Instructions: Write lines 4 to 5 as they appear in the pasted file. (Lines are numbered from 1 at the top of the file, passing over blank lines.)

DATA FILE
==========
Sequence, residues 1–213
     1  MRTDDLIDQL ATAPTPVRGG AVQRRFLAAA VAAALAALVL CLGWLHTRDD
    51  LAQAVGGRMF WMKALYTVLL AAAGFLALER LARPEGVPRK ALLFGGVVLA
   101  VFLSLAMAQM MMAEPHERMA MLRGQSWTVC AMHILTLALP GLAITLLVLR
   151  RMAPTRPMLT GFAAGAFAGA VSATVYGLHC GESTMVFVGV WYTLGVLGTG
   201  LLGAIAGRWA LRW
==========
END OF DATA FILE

   101  VFLSLAMAQM MMAEPHERMA MLRGQSWTVC AMHILTLALP GLAITLLVLR
   151  RMAPTRPMLT GFAAGAFAGA VSATVYGLHC GESTMVFVGV WYTLGVLGTG